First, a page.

Nye Lubricants has broken the polyalphaolefin (PAO) heat barrier with its new lubricant for automotive electrical connectors. Partnering with one of the world's leading connector manufactures to develop RheoTemp 761G and to ensure the new grease would meet real-world demands, the new lubricant emerged after 18 months of development. Though PAO remained the main wear-preventing ingredient, Alkylated naphthalene (AN), another synthetic hydrocarbon fluid, was added to produce a unique high-temperature synthetic hydrocarbon blend that gives RheoTemp 761G a continuous exposure heat ceiling of 175C, vs. 125C for a typical PAO. To make the grease "slippery" enough to satisfy insertion force standards, a proprietary blend of urea was used to thicken RheoTemp 761G. RheoTemp 761G tests show up to a 50 percent reduction in insertion force, as compared to NyoGel 760G, depending on connector type, size, and contact metal. RheoTemp 761G delivers all the qualities of NyoGel 760G, plus it reduces insertion force and performs at temperatures up 175C.
The engineers and inventors of the post WWII period turned their attention to advancements in electronics, communication, and entertainment. Breakthrough inventions range from LEGOs and computer gaming to the integrated circuit and Ethernet -- a range of advancements that have little in common except they changed our lives.
The age of touch could soon come to an end. From smartphones and smartwatches, to home devices, to in-car infotainment systems, touch is no longer the primary user interface. Technology market leaders are driving a migration from touch to voice as a user interface.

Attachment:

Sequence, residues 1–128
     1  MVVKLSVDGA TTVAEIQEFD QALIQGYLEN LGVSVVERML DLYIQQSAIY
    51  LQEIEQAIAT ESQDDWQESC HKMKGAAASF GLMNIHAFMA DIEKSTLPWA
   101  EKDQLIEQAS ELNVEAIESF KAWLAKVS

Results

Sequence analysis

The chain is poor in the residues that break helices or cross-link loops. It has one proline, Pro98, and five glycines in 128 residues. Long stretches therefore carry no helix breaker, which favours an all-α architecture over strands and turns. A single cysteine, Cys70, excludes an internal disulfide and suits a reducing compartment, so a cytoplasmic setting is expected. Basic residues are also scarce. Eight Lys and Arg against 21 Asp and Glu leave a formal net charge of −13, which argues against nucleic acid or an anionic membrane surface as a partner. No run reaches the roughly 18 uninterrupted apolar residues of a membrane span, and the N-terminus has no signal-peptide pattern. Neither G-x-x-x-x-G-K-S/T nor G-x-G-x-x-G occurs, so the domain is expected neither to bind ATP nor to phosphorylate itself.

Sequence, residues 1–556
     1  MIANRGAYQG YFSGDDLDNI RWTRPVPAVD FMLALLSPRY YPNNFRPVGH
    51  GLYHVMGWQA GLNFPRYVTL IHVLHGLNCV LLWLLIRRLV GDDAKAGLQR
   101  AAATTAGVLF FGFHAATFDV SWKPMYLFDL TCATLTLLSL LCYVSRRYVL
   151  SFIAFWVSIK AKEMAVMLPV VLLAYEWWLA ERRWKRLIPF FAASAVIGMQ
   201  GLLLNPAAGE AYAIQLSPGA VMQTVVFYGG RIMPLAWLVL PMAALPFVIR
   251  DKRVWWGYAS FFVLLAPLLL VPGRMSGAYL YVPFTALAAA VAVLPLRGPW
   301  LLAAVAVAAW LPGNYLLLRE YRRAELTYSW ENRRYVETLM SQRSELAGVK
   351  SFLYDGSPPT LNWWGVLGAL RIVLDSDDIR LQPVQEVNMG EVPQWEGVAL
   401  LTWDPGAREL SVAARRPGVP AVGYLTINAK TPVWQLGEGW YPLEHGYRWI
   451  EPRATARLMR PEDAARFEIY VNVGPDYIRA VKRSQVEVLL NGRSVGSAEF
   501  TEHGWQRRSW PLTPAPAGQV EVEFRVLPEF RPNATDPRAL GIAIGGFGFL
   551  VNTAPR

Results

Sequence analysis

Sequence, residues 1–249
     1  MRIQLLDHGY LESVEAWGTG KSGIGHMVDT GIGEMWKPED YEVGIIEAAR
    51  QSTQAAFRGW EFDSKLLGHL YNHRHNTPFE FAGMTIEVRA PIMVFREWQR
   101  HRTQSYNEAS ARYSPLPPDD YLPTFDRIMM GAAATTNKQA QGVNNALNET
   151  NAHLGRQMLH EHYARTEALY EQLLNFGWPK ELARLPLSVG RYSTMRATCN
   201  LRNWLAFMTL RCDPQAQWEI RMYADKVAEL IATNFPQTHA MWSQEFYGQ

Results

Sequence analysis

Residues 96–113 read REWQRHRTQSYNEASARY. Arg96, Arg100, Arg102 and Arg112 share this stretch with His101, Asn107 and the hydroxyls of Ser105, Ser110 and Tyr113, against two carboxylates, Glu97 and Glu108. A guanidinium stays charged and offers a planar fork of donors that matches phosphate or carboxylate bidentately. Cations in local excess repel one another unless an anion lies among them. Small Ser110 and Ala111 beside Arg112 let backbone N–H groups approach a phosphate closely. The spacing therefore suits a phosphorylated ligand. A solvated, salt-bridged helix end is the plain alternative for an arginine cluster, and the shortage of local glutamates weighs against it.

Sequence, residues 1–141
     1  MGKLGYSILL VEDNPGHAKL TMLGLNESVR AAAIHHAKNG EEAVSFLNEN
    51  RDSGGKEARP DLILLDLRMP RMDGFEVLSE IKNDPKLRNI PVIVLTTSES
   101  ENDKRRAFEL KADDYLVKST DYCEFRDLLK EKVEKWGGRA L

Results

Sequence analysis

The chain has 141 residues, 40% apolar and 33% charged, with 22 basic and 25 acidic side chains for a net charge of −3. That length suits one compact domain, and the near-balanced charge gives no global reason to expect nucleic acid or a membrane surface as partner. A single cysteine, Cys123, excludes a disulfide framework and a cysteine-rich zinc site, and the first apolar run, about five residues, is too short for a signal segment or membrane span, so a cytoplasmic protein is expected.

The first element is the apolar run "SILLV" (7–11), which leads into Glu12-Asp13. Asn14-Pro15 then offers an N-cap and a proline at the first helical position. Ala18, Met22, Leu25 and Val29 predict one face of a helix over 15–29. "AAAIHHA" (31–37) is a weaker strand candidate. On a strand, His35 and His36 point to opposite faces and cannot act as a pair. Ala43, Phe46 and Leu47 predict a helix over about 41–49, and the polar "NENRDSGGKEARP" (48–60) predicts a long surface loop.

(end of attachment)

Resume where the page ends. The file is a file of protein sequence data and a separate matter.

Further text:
Soft starter technology has become a way to mitigate startup stressors by moderating a motor’s voltage supply during the machine start-up phase, slowly ramping it up and effectively adjusting the machine’s load behavior to protect mechanical components.
A new report from the National Institute of Standards and Technology (NIST) makes a start on developing control schemes, process measurements, and modeling and simulation methods for powder bed fusion additive manufacturing.
If you’re developing a product with lots of sensors and no access to the power grid, then you’ll want to take note of a Design News Continuing Education Center class, “Designing Low Power Systems Using Battery and Energy Harvesting Energy Sources."
Focus on Fundamentals consists of 45-minute on-line classes that cover a host of technologies. You learn without leaving the comfort of your desk. All classes are taught by subject-matter experts and all are archived. So if you can't attend live, attend at your convenience.